But when he said he wanted to find his mother I lost it.
I got angry.
I got really angry.
And that was the last time I saw him.
Why didn't you tell us this before? Look, if I've broken the law, you arrest and charge me.
If not, stop pestering me.
Back in the 90s, I bought a place like this in Spain near Cadiz.
Same architect.
I suppose I was trying to recapture the past too.
But it wasn't the same.
This is wonderful Liz.
I feel like I've come home.
You can't be serious.
Reforming the band? I feel we have unfinished business.
Do you remember that night, May 10th, 1988? We sold out The Forum.
The four of us.
Remember, Martin? I'll never forget that.
None of us will.
I remember us all looking at one another.
The world was ours.
Do you remember what it felt like? To be that wanted? You haven't changed, Ian.
That was our perfect moment, Liz.
And John died.
Liz? Liz, tell him this is stupid.
I mean, you don't want to reform the band, do you? Come on, Martin.
There's a huge demand for a reunion.
Who told you that? A journalist I've been speaking to.
Matt Barber.
What? Your journalist is dead.
He was murdered.
Nearly 30 years later and he still has a grudge against Matt's mother.
He's bitter and, I've been asking around, when Jack Barber was on the force, he was not a man you wanted to cross.
He was famous for his temper.
He had high standards and when people didn't meet up to those standards - I know.
And you think he's a good and decent man.
But we have to go after him, Alan.
You know he really tried to intimidate me.
Sometimes good people do bad things.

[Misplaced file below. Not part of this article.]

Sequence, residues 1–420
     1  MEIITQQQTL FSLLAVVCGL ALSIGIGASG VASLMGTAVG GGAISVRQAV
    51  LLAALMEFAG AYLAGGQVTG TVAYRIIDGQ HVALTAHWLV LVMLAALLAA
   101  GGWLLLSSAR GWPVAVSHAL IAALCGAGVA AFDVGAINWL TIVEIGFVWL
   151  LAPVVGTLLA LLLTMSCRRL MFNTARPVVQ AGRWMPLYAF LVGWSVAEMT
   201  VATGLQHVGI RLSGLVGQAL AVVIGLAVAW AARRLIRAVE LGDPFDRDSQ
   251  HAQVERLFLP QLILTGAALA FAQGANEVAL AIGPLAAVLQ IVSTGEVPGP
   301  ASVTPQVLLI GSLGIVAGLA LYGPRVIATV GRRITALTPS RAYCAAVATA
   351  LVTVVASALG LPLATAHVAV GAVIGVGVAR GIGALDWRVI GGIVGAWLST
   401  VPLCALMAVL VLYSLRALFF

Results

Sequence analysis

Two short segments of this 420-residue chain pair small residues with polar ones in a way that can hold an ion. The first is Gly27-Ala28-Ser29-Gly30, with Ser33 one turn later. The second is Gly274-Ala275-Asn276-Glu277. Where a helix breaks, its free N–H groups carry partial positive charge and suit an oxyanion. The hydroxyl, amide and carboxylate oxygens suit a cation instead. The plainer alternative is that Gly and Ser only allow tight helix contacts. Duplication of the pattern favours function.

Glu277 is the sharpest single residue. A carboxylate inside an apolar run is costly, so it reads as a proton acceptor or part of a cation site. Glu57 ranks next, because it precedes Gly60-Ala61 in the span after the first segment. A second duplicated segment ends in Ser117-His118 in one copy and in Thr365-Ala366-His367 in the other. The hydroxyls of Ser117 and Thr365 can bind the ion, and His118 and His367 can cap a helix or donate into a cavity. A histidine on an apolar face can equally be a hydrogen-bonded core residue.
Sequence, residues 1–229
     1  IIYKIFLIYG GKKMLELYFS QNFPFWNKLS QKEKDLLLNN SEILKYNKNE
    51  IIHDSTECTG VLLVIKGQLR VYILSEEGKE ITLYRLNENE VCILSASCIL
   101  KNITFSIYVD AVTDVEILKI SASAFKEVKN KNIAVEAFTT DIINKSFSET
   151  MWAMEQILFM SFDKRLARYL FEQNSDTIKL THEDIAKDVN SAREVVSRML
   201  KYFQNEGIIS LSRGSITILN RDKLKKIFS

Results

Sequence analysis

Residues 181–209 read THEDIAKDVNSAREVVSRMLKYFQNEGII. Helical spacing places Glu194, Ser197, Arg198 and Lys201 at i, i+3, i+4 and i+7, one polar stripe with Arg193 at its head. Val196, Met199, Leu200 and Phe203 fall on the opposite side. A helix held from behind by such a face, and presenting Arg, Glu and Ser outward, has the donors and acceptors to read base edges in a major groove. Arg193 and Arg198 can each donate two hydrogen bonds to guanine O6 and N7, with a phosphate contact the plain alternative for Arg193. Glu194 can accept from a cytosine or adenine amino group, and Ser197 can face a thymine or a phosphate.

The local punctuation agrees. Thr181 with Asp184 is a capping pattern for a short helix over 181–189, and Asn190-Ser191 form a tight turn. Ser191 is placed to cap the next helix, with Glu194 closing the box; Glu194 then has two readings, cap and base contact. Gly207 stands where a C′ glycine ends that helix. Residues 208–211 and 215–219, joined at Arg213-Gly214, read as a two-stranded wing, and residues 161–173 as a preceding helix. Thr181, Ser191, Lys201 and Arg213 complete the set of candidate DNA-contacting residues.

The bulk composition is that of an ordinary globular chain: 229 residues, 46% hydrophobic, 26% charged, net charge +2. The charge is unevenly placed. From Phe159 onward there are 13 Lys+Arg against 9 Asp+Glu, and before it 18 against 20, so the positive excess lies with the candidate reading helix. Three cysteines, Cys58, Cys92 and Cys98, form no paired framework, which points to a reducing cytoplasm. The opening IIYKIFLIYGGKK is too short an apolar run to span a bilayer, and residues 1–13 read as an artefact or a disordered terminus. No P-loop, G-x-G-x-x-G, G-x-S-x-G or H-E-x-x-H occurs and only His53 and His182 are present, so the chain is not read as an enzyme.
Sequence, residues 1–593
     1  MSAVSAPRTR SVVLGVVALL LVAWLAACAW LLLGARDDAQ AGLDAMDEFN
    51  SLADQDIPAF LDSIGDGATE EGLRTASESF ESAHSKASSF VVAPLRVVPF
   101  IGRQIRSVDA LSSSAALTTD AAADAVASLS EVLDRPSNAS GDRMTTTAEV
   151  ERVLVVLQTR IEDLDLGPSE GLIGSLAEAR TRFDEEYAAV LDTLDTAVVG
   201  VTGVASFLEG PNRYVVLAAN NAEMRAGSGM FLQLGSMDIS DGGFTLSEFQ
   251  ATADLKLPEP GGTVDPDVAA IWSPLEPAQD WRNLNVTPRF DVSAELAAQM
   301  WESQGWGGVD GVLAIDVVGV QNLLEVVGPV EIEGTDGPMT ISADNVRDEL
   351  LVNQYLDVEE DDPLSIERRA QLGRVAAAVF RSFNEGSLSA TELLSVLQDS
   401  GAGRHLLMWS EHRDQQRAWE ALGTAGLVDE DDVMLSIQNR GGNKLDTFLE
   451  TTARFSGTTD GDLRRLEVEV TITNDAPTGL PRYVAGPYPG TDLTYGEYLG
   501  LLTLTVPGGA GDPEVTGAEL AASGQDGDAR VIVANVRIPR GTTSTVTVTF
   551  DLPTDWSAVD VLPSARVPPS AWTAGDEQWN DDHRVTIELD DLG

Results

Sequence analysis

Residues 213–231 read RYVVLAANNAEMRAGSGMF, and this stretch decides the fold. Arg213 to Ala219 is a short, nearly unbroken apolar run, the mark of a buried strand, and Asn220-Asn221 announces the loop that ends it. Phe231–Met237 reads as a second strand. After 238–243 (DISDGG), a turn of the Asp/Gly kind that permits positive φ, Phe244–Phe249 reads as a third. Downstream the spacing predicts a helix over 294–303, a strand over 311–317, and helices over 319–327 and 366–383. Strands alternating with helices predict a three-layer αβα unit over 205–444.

Boss? Matt Barbers bank accounts and financial statements, going back two years.
This one sticks out.
Bertram Mellis? Names of the senior partners.
Thanks, Ken.
Alan.
'Where are you?' I'm just grabbing a coffee.
'We need you back here as soon as, please.
' OK.
Are you OK? 'Yeah.
' I'm on my way.
What exactly did Matt Barber tell you, Ian? He'd spoken to a promoter who'd sounded out demand, andwe could do really well.
He was trying to lure you back into the country.
Why would he do that? Martin? The tape.
I told him about the tape.
He got me drunk.
I let it slip.
I'm sorry.
It's OK, Martin.
I'll look after you.
I always have, haven't I, sweetheart? Sarge, Matt Barber's financial transactions.
One in particular from a local law firm - Bertram Mellis.
Barber received a payment of ã15,000 actioned by one of the senior members - David Hornby.
Who? Martin Soames' lawyer.
Boss? His prints match a set of prints found at the crime scene.
Great.
Another suspect.
Seems like David Hornby's got a lot of explaining to do.
Annie? You know him.
Annie? Annie? I need a word.
Ken, get hold of him and bring him in.
You need to take me off this case.
Why? David Hornby is the father of my baby.